Species that live in proximity with us in greater numbers (dogs, cats, rats, poultry) are more at risk. Particularly dogs and cats, which lick us and often sleep in our beds. We often share their fleas. Depending on how your ZP works, that might be a significant problem.

Luck is the unpredictable factor, and it often comes down to pigs and bats. For some reason, pigs and bats are vulnerable to a whole host of viruses that you wouldn’t normally expect them to be, and they can transmit them. Bats are a big problem because they fly everywhere and poop all over the place. Pigs are interesting because they often excrete vastly larger numbers of viral particles than it took to infect them in the first place. They are sometimes referred to as ‘viral replicators’ for this reason. They also can be infected with viruses (influenza being a classic) from different species and recombine them, introducing a virus from one species and mixing it to allow infection of another. Pigs are often kept in proximity to the home in developing nations, and eat our food scraps. We then put their dung back onto our food to fertilize it. Plenty of opportunity for an infection cycle there.

But any species may be the just unlucky one that is vulnerable to the ZP.

I hope this has given you enough fuel to inspire your writing

Requested by @pokecrettes

The human body temperatures is, on average, 98.6 degrees Fahrenheit (or 37 degrees Celsius). Many animals have different ranges. Goats, for example, have a normal range about 102 degrees Fahrenheit (40° C) while some lizards are best as low as 75 degrees fahrenheit (24° C). Some lava pokémon, such as Magcargo or today’s Heatran, have a body temperature significantly higher than that.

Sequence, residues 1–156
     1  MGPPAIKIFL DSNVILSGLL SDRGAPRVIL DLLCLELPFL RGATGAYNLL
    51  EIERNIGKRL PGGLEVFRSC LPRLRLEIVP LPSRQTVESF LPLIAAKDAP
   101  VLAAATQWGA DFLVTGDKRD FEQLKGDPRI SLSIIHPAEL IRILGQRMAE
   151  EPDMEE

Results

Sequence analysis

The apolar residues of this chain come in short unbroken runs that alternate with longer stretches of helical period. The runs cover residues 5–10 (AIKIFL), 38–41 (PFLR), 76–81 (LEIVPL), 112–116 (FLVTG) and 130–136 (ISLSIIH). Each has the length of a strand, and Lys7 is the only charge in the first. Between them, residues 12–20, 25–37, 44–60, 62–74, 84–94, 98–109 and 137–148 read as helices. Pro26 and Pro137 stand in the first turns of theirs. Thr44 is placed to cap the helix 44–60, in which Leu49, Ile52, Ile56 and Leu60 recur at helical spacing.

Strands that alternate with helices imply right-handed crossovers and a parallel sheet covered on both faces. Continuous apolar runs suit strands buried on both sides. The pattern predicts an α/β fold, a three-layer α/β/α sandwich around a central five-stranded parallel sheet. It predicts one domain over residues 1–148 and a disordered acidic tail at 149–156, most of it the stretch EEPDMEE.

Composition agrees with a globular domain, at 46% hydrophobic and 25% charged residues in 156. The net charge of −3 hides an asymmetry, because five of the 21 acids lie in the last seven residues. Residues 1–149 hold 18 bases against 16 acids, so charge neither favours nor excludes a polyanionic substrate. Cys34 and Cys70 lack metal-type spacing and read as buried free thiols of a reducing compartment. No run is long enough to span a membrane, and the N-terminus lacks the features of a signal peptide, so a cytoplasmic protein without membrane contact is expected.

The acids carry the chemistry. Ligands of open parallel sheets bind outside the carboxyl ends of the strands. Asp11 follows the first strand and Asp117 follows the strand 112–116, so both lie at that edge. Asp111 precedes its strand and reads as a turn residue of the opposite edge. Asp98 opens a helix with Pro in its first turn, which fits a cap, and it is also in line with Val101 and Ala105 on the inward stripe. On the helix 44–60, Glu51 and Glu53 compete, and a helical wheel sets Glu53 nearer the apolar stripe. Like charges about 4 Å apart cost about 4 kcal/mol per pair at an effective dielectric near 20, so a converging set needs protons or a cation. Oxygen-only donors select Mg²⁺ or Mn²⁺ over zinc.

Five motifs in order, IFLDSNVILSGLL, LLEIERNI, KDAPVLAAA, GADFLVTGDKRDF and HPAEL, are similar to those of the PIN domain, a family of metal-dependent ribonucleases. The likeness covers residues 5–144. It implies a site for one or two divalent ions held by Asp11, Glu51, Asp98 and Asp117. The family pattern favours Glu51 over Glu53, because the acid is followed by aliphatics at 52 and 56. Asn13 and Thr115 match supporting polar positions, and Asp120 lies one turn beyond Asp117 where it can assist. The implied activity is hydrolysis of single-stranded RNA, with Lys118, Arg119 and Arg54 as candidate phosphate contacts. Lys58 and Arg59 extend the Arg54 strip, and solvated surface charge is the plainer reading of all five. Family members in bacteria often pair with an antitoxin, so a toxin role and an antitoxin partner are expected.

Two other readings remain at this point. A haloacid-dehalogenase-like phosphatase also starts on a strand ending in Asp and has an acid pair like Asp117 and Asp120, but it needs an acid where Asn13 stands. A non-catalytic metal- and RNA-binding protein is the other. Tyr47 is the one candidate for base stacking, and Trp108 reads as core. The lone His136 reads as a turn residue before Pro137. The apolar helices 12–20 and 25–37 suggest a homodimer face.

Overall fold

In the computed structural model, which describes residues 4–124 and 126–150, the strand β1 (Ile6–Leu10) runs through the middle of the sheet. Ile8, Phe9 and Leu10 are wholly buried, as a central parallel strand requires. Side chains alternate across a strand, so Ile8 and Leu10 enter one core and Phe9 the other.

Heatran, for example, is a fire-steel type. According the the pokédex, it is made of rugged steel, but is partially melted in spots because of its own body heat. Steel is a combination of iron and other metals, usually carbon. By mixing iron with other metals, steel forms a stronger, more resistant, less corrosive material. It depends on the mixture, but steel typically melts around 1370 degrees Celsius (2500° F). However, steel will start to deform or “soften” at 538 degrees Celsius (1,000° F). This means that if Heatran’s steel is deformed because of its heat, its body temperature must be at least 1000°F.

Fresh lava, for comparison, has a temperature between 1,300° F and 2,200° F. So, Heatran’s body temperature is nearly the same as its environment, since it dwells in volcanic caves. Besides needing to survive its environment, why is Heatran so hot?

For humans, it turns out 98.6° F is a perfect balance. It’s hot enough that most fungus can’t live and thrive in our body, but cool enough that it doesn’t take too much energy to upkeep the temperature. Our metabolism, which includes the process of turning food into energy, is more or less efficient depending on an animal’s body temperature. 

Here’s a graph comparing the metabolism of two animals, a mouse and a lizard. Different body temperatures are on the horizontal axis, and energy outputs are on the vertical axis. The mouse, a mammal like us, has a metabolism that works the best at around 38 degrees Celsius. A lizard, on the other hand (a cold-blooded animal), puts out less energy over all, but is efficient at a much wider range of body temperatures. A lizard could be 20° C or 30° C and not suffer much difference in energy output. A mouse on the other hand has a fairly small window.